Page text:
The Rush hosted 11 home games between the regular season and playoffs, and attendance did not dip below 10,000 for the last eight of those contests. Over 15,000 people attended each of the last three home dates. That included a SaskTel Centre record for a sporting event of 15,192 spectators for a May 21st home game that saw the Rush win the West Division final series against the Calgary Roughnecks.
    On the court, the Rush were expected to content for another championship. The club proceeded to top the West Division with a 13-5 record as the players quickly became comfortable playing in front of raucous home crowds.
Rush forward Robert Church drives to the net for a scoring chance.
    The fans loved the game presentation from watching the performances of the Crush dance team, getting pumped up by the music that blared continuously during play and doing the chest beat celebration every time the Rush scored a goal.
    To top things off, games were exciting, and the Rush were a fun team to watch. Goalie “Stone Cold” Aaron Bold and gritty transition player Jeremy Thompson became fan favourites as well as likeable team scoring leader Mark Matthews, who piled up 40 goals and 69 assists during the regular season.
    Matthews got the party rolling Saturday with an amazing diving goal that saw him get shoved into the Bandits goalie Anthony Cosmo just 74 seconds into the contest. It took a video review to allow the goal to count, but when it went up on the scoreboard, the crowd went into a frenzy.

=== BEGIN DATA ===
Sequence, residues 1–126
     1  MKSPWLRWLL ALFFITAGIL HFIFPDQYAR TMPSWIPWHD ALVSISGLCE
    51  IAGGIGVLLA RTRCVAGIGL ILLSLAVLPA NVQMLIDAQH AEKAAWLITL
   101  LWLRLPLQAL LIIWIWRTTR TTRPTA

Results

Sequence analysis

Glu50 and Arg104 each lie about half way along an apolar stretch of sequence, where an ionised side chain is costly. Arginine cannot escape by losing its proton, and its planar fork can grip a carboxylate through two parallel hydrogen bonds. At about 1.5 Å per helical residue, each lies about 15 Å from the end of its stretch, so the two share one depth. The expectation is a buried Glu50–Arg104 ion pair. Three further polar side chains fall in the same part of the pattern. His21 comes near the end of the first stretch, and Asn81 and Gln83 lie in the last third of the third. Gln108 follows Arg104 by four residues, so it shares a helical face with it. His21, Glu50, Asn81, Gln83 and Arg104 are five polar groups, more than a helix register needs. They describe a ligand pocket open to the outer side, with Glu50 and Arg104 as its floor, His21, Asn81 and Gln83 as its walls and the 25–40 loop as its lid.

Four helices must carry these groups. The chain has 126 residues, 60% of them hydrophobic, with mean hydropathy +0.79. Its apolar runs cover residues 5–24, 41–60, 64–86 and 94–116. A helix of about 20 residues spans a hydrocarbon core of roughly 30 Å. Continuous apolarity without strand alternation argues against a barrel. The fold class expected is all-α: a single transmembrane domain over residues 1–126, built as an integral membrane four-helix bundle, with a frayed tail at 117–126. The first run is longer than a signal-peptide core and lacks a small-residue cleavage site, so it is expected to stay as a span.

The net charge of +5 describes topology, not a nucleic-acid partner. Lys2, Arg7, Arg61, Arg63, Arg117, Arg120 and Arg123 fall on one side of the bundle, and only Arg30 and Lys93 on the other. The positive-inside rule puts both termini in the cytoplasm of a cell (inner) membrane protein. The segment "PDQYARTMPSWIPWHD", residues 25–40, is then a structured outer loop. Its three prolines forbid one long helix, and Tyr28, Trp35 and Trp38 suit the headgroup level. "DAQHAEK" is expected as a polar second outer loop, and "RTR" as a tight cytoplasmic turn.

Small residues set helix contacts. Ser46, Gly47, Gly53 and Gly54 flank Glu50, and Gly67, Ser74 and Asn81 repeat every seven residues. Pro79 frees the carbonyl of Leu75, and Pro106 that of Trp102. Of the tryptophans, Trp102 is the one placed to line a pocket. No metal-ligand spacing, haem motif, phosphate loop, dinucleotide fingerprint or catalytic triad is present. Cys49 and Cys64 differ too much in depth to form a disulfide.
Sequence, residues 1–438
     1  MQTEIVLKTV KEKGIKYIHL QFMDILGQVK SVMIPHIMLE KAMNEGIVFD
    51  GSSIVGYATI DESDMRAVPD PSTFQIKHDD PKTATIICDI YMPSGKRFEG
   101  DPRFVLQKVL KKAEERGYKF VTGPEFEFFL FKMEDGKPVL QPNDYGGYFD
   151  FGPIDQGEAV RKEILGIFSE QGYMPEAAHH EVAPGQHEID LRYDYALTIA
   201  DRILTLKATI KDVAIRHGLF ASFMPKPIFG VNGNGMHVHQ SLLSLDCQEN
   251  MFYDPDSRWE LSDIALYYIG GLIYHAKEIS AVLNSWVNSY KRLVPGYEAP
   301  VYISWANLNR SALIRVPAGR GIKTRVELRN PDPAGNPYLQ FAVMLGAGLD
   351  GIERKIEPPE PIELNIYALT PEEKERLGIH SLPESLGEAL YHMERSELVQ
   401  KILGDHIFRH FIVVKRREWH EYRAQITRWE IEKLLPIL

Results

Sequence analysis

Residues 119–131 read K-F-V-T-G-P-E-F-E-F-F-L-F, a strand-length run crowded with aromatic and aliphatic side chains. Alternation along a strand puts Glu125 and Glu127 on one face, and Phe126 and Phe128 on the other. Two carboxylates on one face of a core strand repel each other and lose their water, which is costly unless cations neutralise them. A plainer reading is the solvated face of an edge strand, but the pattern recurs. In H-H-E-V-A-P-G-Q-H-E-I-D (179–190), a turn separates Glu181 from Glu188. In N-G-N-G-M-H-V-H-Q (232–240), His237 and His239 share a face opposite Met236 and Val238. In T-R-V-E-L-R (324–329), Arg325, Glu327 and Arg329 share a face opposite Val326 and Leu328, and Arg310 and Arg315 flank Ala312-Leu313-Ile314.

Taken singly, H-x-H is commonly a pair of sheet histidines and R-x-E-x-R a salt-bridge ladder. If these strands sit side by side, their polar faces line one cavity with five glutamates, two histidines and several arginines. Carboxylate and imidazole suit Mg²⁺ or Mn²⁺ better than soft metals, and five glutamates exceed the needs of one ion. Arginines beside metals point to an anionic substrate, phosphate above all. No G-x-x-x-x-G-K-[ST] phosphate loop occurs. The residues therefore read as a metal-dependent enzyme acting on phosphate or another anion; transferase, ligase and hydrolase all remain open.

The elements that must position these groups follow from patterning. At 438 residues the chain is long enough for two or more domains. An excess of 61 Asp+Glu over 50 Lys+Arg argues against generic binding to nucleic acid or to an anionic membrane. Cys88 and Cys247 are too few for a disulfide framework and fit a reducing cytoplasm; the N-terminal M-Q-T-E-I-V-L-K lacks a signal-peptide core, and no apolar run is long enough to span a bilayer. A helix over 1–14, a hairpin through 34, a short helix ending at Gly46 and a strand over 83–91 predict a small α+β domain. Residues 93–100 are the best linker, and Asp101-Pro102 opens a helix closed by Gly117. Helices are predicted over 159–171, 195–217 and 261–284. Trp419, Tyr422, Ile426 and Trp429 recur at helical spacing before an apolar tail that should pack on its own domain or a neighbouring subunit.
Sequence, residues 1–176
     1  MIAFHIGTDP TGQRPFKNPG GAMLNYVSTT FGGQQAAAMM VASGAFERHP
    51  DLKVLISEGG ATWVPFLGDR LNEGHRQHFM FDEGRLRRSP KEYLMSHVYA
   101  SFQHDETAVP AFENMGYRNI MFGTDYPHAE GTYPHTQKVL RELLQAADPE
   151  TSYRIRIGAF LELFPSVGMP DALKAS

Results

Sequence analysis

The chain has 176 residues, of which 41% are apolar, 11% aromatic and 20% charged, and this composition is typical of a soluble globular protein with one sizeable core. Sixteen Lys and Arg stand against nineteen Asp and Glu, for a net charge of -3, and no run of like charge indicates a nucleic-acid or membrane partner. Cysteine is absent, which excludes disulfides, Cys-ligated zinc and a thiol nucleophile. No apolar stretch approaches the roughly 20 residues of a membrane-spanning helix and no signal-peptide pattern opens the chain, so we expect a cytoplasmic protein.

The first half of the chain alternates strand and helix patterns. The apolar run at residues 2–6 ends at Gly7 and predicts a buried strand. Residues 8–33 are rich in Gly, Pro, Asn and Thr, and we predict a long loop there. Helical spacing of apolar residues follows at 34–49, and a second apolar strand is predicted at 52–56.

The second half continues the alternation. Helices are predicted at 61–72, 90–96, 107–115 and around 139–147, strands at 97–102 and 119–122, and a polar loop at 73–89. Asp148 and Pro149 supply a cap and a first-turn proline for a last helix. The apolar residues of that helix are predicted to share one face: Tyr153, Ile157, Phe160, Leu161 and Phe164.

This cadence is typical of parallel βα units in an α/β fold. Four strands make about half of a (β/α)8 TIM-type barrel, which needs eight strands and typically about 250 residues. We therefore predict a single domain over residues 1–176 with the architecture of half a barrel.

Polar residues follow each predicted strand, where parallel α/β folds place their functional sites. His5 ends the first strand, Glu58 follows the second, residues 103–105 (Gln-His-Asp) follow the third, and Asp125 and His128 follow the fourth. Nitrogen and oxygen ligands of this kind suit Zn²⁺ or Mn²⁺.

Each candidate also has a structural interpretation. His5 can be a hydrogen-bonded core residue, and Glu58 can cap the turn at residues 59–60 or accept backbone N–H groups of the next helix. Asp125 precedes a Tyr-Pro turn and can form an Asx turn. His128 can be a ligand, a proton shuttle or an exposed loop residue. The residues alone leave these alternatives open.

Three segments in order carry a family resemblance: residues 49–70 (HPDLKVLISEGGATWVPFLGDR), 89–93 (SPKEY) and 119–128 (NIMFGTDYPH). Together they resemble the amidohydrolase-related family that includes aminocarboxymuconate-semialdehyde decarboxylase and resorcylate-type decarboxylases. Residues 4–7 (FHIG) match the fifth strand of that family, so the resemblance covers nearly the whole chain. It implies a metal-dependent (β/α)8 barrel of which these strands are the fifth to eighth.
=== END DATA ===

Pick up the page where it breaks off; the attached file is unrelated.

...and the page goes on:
The Bandits were game too, and both teams went back-and-fourth on the scoreboard. The visitors led 9-7 going into the fourth quarter, but the Rush prevailed on one of their classic final frame outbursts.
The Rush celebrate winning their second straight NLL championship.
    It seemed fitting for Cornwall to get the series winner as a reward for playing an unselfish and sound defensive game, which included a big shot block on Bandits phenom Dhane Smith.
    Scoring the series winner with 12 seconds to play, Cornwall showed he had hands of gold around the net. After the final buzzer sounded, a large number of fans stuck around for about an hour soaking in the post-game celebrations. The championship party would go long into the Saskatoon night.
    Forget being as good as advertised, the Rush were even better than advertised. Time will tell how long the feel-good honeymoon will last.
    Saskatoon sports fans have a reputation for being fickle. One wonders if they will disappear the first time the Rush have a losing season.
    With that said, the Rush appear to have the potential to be a winner for the foreseeable future. More good times appear to be in store in the coming years.

Nogier’s NHL signing an uplifting story

Nelson Nogier springs into action for the Rebels.
    The Saskatoon hockey community and the city of Red Deer received a feel good story on Wednesday when Nelson Nogier signed a three-year entry-level NHL contract with the Winnipeg Jets.